Type 1 diabetes

In type 1 diabetes, the body cannot produce the hormone insulin, which is formed in the pancreas. This in turn means that sugar in the blood cannot be transferred to the body’s cells to provide the necessary energy. The result is a constant high blood sugar with typical symptoms such as fatigue, thirst, increased urine volume, and weight loss. The treatment is lifelong administration of synthetic insulin and daily control of blood sugar.


The disease can debut at any age, but the disease is more common in young people. It is a disease you have throughout your life, it cannot be cured and requires a continuous supply of insulin – but you can still live a good life.


In type 1 diabetes, the immune system destroys the insulin-producing beta cells in the pancreas. The insulin is needed for the body’s cells to use glucose (sugar) in the blood as energy. When the insulin level does not meet the body’s needs, you get a constant high blood sugar, or hyperglycemia. At the beginning of disease development, insulin production decreases, but by the end it is not produced at all. Then you need to add insulin.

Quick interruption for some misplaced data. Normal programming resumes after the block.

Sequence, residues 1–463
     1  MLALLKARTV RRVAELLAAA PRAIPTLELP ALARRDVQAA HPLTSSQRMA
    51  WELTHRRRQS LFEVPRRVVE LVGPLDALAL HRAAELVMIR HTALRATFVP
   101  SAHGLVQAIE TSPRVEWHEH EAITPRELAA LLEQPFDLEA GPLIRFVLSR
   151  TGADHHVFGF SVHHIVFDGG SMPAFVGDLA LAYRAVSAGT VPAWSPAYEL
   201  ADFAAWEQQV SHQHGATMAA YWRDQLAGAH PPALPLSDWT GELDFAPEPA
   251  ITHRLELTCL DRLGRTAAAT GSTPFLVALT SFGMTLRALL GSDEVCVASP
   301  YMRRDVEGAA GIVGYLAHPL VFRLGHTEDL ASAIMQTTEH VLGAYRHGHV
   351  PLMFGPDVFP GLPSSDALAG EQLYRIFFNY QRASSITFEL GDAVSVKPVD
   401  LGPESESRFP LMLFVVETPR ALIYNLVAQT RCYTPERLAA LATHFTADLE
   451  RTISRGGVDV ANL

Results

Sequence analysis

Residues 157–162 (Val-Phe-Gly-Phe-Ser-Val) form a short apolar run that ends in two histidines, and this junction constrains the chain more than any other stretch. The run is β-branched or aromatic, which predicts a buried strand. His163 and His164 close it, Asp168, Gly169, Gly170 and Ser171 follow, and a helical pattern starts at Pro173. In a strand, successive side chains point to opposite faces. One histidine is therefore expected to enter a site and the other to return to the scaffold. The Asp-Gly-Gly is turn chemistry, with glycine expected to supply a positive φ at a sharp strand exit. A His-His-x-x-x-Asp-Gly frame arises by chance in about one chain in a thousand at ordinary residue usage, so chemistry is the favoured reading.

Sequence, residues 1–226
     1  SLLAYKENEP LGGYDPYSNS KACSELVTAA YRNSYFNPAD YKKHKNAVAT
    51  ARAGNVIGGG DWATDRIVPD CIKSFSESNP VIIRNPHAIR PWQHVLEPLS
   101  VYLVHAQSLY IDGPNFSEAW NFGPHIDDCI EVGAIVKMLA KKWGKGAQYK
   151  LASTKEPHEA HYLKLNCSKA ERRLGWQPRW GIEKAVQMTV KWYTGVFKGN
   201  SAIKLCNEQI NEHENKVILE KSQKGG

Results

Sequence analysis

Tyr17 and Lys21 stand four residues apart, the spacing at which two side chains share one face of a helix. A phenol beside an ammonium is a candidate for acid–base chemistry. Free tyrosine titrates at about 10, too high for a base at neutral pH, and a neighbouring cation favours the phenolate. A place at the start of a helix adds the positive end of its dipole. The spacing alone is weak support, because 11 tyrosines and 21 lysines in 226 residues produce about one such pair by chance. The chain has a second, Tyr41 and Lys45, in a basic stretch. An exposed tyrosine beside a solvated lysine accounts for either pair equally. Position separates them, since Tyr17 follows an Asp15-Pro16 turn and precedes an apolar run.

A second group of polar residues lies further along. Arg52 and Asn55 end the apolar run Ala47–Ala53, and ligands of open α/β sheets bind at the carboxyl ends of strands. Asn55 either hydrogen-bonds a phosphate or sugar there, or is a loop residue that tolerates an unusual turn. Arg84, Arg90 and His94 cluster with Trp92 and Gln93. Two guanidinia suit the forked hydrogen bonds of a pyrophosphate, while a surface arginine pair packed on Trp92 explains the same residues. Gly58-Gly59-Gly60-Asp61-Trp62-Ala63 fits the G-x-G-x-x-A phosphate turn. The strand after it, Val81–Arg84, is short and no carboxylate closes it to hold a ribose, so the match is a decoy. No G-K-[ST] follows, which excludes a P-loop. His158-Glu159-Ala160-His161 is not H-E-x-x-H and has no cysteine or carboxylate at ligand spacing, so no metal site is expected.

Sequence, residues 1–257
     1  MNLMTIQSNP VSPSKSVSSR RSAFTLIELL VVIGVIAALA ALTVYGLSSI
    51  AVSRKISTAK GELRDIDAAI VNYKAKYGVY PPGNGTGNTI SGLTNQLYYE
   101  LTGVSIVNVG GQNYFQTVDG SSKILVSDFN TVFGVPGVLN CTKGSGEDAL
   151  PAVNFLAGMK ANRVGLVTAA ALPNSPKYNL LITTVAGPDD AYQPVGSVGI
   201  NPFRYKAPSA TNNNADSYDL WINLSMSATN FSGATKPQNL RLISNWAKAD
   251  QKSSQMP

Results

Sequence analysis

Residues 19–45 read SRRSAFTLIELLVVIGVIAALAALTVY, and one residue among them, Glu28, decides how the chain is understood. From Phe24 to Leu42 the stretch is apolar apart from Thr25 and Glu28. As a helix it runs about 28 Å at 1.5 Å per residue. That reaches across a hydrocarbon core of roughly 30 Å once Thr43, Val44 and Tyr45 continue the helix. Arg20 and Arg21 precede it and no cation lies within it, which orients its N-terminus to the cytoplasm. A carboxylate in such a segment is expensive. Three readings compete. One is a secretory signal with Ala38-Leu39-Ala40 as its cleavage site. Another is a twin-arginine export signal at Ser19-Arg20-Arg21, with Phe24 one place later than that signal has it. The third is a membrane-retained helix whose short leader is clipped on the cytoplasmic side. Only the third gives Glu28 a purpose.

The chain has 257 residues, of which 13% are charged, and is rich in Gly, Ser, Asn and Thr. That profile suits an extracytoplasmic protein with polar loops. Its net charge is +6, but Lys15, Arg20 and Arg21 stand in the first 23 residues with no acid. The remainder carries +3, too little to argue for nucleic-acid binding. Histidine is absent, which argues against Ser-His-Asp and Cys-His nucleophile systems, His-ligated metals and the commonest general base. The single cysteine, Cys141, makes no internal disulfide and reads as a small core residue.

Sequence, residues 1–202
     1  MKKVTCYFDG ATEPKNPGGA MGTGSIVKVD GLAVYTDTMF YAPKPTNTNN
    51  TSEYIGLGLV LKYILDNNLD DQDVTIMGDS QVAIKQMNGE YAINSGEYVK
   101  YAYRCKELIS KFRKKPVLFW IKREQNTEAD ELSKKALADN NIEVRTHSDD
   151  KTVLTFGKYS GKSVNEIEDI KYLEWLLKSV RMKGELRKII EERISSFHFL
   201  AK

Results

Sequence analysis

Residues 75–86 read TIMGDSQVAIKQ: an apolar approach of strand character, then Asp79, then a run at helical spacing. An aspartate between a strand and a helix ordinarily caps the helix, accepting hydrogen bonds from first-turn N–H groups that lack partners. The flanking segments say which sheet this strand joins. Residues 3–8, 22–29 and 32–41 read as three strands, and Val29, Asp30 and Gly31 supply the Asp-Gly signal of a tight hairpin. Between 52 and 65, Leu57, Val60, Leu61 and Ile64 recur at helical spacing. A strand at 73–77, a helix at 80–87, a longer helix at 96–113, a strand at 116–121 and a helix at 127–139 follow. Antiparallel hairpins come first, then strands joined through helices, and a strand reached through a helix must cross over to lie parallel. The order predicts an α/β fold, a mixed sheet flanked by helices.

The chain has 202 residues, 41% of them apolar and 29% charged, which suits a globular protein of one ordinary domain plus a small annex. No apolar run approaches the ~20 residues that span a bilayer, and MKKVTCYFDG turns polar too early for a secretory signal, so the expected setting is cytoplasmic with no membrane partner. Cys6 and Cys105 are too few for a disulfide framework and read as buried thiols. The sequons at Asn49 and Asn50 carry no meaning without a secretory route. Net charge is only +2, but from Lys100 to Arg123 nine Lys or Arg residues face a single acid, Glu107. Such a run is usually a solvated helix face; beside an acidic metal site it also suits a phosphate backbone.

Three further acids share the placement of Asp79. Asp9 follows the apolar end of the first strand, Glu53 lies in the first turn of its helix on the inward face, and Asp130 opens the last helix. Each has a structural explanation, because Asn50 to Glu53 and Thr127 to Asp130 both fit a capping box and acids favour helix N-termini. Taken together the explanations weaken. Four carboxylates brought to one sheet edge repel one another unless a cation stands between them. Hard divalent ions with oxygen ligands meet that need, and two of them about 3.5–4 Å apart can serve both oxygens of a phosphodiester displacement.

Diabetes mellitus is a collective name for various diabetic diseases.


In type 2 diabetes, insulin production is reduced and cells are less sensitive to insulin, which results in elevated blood sugar levels. The symptoms are similar, but cause and treatment differ between type 1 and type 2 diabetes.


LADA (Latent Autoimmune Diabetes In Adults) is an uncommon and more mild type 1 diabetes that can be mistaken for type 2. 


The course of the disease at LADA is slower and not as clear as in type 1 diabetes – it is more common in adulthood.


Having diabetes involves an increased risk of cardiovascular disease later in life, as a high sugar value damages both small and large blood vessels.


The cause of type 1 diabetes is unknown. A number of explanatory theories have been put forward, and the cause may be one or more of the following: genetic susceptibility, a diabetogenic trigger, and exposure to an antigen.


Some chemicals and drugs selectively destroy pancreatic cells such as Pyrinuron. Monoclonal antibodies used for the treatment of cancer, especially nivolumab and pembrolizumab have been reported to occasionally induce autoimmune diabetes.


The symptoms are clear and the period of illness can go fast. Typical symptoms are:


  • increased thirst
  • increased urine levels
  • abnormal fatigue
  • involuntary weight loss
  • nausea and vomiting
  • pain in the stomach
  • acetone-smelling breath
  • slow wound healing
  • blurred vision.

Two serious complications in type 1 diabetes



When the body lacks insulin, blood sugar cannot be converted into energy. Instead, the body breaks down fat which releases ketones which make the blood acidic. The condition is called ketoacidosis and is serious because it breaks down the body, called catabolism. It requires immediate hospital care.


Keep in mind that ketoacidosis can be mistaken for stomach upset. Seek urgent care if you or your child get worse quickly. The symptoms of ketoacidosis are: